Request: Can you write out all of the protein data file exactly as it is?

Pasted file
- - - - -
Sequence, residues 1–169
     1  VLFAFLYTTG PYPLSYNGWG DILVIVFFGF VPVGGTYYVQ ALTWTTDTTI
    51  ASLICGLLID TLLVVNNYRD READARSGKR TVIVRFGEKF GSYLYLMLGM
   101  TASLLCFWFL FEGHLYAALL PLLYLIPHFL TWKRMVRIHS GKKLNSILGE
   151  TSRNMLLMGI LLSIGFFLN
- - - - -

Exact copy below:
Sequence, residues 1–169
     1  VLFAFLYTTG PYPLSYNGWG DILVIVFFGF VPVGGTYYVQ ALTWTTDTTI
    51  ASLICGLLID TLLVVNNYRD READARSGKR TVIVRFGEKF GSYLYLMLGM
   101  TASLLCFWFL FEGHLYAALL PLLYLIPHFL TWKRMVRIHS GKKLNSILGE
   151  TSRNMLLMGI LLSIGFFLN